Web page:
In the last few years, it’s become clear that Dallas proper isn’t part of the regional growth we’ve heard so much about. The U.S. Census released another batch of data last week, finding that Dallas County lost 25,000 people between 2020 and 2021.
Zooming out, the total growth for the Dallas-Fort Worth metro area was 97,290 people, which shows that the suburbs are growing so much that even the anemic city couldn’t slow them down. Dallas wasn’t the only large urban county in Texas to lose residents, but it outpaced the next highest by a factor of more than six to one: next up was Houston’s Harris County, which lost 4,000 people.
In the past five years, Dallas has essentially stopped growing. And, to be fair, these new numbers incorporate deaths and we’re coming out of a pandemic. But Dallas leaders have to look at this data—and the broader, national trend of cities losing population—and figure out what’s happening.
We’re only a few years out from the big “regionalism” myth, which is coded language for “subsidized sprawl.” Dallas has for too long ceded priority to projects that make it easier to get elsewhere, which has opened up a whole lot of land for corporate relocations and new residential subdivisions outside the city.
This trend is happening across the nation. The Census figures show major drops in populations for large metro centers like New York, Los Angeles, Chicago, and San Francisco. The New York Times attributes this to “skyrocketing housing costs” and other demographic shifts, like limited immigration and a declining birth rate.
In the year it took Dallas County to lose 25,000 people, home prices jumped by 22 percent, according to the Dallas Morning News. The median amount for a home here is now $350,000, which is unprecedented. Considering the cost, many families are clearly choosing the suburbs, where they can find larger homes on larger lots zoned for school districts that they prefer. (Even if Dallas ISD is improving.)
As noted by the Kinder Institute for Urban Research at Rice University, the four core counties in the state—Dallas, Harris, Travis, and Bexar—lost 6,000 people while the neighboring suburbs added 260,000 in a single year.
Those suburbs are going to see growing pains in the coming decades, much like Plano did upon realizing it had run out of land and would need to update its 1986 master plan to attract denser development. (That plan, known as Plano Tomorrow, was scrapped and narrowed to allow for density only in certain areas.)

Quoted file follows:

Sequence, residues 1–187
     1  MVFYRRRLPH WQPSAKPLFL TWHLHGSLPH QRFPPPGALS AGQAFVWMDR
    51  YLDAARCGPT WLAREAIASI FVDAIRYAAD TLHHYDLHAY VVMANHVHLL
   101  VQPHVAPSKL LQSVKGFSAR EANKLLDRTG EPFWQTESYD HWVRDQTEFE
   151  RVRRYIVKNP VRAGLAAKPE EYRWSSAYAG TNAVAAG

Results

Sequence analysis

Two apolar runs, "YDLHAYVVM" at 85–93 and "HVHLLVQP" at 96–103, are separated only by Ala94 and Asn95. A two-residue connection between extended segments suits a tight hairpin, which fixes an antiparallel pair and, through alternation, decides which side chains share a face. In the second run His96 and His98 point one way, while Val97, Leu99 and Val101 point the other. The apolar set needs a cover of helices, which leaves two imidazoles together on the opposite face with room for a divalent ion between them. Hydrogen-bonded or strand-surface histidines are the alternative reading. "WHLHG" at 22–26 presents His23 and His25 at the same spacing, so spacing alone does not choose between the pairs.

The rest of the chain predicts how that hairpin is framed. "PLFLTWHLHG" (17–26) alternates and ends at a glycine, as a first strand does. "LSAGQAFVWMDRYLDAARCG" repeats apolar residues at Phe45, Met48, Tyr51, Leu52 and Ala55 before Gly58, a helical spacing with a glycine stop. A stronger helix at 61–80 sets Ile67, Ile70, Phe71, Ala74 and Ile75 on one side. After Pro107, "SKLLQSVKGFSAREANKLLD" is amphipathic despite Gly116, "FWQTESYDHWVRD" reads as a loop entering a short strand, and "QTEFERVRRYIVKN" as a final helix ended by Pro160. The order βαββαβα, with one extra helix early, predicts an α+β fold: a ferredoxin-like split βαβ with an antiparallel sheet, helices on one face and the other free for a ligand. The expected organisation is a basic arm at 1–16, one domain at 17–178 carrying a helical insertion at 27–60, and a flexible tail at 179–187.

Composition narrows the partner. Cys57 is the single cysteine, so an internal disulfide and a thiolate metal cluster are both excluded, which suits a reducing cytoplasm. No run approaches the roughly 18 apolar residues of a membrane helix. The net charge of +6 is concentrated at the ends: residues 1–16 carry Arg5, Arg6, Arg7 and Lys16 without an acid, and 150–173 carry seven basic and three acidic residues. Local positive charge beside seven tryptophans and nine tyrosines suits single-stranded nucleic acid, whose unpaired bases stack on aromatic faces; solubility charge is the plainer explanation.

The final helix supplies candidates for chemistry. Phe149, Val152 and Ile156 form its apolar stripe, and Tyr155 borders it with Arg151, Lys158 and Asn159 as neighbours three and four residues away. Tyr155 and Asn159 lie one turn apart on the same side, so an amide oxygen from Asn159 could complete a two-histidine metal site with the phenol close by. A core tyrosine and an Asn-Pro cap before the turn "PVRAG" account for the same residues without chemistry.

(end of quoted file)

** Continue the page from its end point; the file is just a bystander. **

So: Dallas must get its house in order. The permitting process is still broken, which can take months to build a single home. We need to diversify our housing stock by increasing density and doubling down on improving infrastructure near public transit. The city is not a suburb, and that can be a strength.
Writing for the Kinder Institute, economist Alan Cole posits growth as a math problem: the more a city builds, the more places people can live. “Affordability is the number of homes,” he writes.
“In the end, the cities that build get the people,” he continues. “Compare, for example, San Jose and Houston. The San Jose metropolitan area has gained just under 500,000 people since 1990. Houston gained 3.8 million. And if you look at their building permits, it is extremely clear why. Each city added about two and a half people for every new unit it permitted over the period.”
The North Central Texas Council of Governments expects Dallas County to add another 950,000 residents by 2045, a prediction that seems at risk if this year’s trend continues. For comparison, NCTCOG expects Collin and Denton counties to add a total of 1.35 million people. It’s proposing new or additional freeway capacity in all corners of Dallas-Fort Worth, which will contribute to further sprawl and increase emissions that will batter our climate.
Connor Harris, a Manhattan Institute policy analyst, noted this in a column in the Dallas Morning News in 2019 that was passed around Twitter over the weekend: “suburbs are developing in a way that leaves most people no choice but to drive everywhere — largely the result of regulations that require massive parking lots in every new development, making driving artificially cheap and walking unpleasant.”
Maybe the city of Dallas can start there.
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